Mountain of Faith Stage 5, or how I learned to stop worrying and love the bomb

During my no-damage clear of the first four stages of Mountain of Faith, I quickly realized something: the fact that bombs draw from your attack power, and therefore your attack power goes down whenever you bomb, is not meant to discourage you from bombing. In fact, it encourages you to bomb because you can refill easily from the power-up items dropped by enemies. It’s as if most enemies drop pieces of bomb for you to use.

If you want to capture all the spellcards, Mountain of Faith is harder than Imperishable Night. But if you want to just get through the stages without taking damage, Mountain of Faith is not that hard. Just learn the patterns enough to where you only need one bomb for each card, and bomb everything. You’ll get all your power back from enemy drops.

Mountain of Faith also makes it easier to collect those power items. When you’re focused, nearby power items will gravitate toward you. And when you’re not focused, you can collect all items on screen by flying above the “Item Get Border Line”, helpfully indicated for you at the start of the game. (You don’t even need to be at full power to use the Item Get Border Line, unlike in Imperishable Night.) Additionally, there is no difference in your attack between having 4 power and 5 (max) power, meaning when you bomb at 5 power, you don’t really sacrifice any power and just clear some space in your inventory to collect power items.

If you’re at 5 power, power items aren’t pieces of bombs, they just add to your score and (I’m assuming) count toward a new point of life. If you’re not playing for score, you should bomb to keep safe. Every time you take damage, a little more than three bombs worth of power are spawned near your character, so even if you depleted your power to nothing thanks to overbombing, you’re close to full again as soon as you get hit. The fact that there is no deathbomb window no longer matters, because you learn to bomb early and often.

I’ve managed no-damage clears of Mountain of Faith’s stage 4 and 5 in fewer than 50 tries, far less than the several hundred I’ve spent on the corresponding stages of Imperishable Night. Also, check out this survey, taken from the Toho fansite It counts people, from a set of 13,000 Toho players, and how hard of a difficulty at which they were able to complete various games in the series without using a continue.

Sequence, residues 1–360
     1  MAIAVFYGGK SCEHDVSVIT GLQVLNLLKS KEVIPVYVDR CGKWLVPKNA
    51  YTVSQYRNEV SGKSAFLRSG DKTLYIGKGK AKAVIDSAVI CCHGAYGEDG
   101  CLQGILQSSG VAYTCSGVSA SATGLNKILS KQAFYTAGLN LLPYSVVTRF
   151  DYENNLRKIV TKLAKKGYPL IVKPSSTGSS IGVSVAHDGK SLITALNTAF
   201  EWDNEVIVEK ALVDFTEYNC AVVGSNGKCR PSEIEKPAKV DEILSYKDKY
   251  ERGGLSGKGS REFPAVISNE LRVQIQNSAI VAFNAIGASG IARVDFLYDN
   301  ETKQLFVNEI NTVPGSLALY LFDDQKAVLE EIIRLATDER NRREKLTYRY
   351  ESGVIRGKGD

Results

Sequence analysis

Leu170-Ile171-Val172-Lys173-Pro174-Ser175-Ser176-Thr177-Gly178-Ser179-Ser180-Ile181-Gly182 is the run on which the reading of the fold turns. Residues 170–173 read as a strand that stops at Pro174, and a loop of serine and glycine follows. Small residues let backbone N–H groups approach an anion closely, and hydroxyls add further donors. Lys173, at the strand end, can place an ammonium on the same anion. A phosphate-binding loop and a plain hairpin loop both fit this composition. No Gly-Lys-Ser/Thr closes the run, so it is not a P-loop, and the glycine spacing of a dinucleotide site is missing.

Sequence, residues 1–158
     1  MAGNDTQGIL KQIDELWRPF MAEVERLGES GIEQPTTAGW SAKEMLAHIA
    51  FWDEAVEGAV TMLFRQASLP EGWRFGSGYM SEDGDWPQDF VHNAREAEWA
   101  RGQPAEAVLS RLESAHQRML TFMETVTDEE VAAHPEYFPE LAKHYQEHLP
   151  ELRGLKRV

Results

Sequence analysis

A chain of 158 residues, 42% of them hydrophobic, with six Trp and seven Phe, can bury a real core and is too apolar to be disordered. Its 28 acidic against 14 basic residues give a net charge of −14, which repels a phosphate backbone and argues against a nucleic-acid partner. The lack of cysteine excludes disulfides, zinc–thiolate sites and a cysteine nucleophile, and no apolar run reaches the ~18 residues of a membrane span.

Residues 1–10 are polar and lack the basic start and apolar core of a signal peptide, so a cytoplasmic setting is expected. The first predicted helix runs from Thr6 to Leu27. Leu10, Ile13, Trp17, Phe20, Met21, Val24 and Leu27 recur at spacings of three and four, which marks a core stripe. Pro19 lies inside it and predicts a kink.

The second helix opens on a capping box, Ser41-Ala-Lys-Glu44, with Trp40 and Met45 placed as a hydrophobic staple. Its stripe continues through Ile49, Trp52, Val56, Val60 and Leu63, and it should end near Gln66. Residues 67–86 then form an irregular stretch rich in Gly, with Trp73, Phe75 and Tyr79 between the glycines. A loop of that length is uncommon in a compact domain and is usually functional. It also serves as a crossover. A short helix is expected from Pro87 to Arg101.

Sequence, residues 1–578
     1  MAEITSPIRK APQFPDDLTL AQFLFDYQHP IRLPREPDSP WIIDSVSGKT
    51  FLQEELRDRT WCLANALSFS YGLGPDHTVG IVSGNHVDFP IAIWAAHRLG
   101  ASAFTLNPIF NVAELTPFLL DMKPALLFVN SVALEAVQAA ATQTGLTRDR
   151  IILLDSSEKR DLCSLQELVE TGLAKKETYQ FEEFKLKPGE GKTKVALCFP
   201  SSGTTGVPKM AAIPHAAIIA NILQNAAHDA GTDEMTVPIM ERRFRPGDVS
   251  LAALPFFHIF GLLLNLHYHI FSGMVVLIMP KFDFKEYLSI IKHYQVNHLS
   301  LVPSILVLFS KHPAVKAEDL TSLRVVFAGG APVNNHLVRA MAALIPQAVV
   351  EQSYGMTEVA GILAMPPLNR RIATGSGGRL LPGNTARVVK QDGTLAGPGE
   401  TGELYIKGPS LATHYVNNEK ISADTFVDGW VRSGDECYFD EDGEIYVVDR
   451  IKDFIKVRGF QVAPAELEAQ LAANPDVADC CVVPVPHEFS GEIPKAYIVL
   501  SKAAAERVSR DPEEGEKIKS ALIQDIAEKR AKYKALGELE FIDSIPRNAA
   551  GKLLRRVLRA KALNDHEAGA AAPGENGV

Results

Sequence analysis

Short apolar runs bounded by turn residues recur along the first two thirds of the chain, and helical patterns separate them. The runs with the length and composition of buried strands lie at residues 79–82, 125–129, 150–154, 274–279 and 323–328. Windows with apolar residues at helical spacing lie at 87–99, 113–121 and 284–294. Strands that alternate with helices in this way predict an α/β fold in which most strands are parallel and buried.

Imperishable Night, which I cleared not too long ago, is the game that the most people have cleared on Normal or harder, but although it seems Mountain of Faith’s difficulty rises greatly at Hard and Lunatic, many people still manage to clear it on Normal. So to Sage, who says Imperishable Night is the only game he was able to clear without continuing, I say try Mountain of Faith, and bomb more.

Also, it seems that the high randomness of Phantasmagoria of Flower View (my first Toho game, and which I have to this day been unable to one-credit-clear on any level harder than Easy) is not a barrier for people who don’t rely on memory as much as I do, and that Subterranean Animism really is hell on earth.

3 Responses to “Mountain of Faith Stage 5, or how I learned to stop worrying and love the bomb”

  1. Samukun says:

    I can concur that Subterranean Animism contains every flavor of pain.

  2. Zeroblade says:

    Having just started playing Subterranean Animism a couple days ago, I second that concurrence. It’s LOADS harder compared to Imperishable Night, and even Mountain of Faith, which was already a notch tougher (esp. in stages 4 and up) compared to say, Embodiment of Scarlet Devil or Perfect Cherry Blossom, which to me are the standard for judging difficulty in Touhou.

  3. gn00b says:

    “You don’t even need to be at full power to use the Item Get Border Line, unlike in Imperishable Night.”

    Actually, you can always auto-collect in Imperishable Night by focusing above the line.

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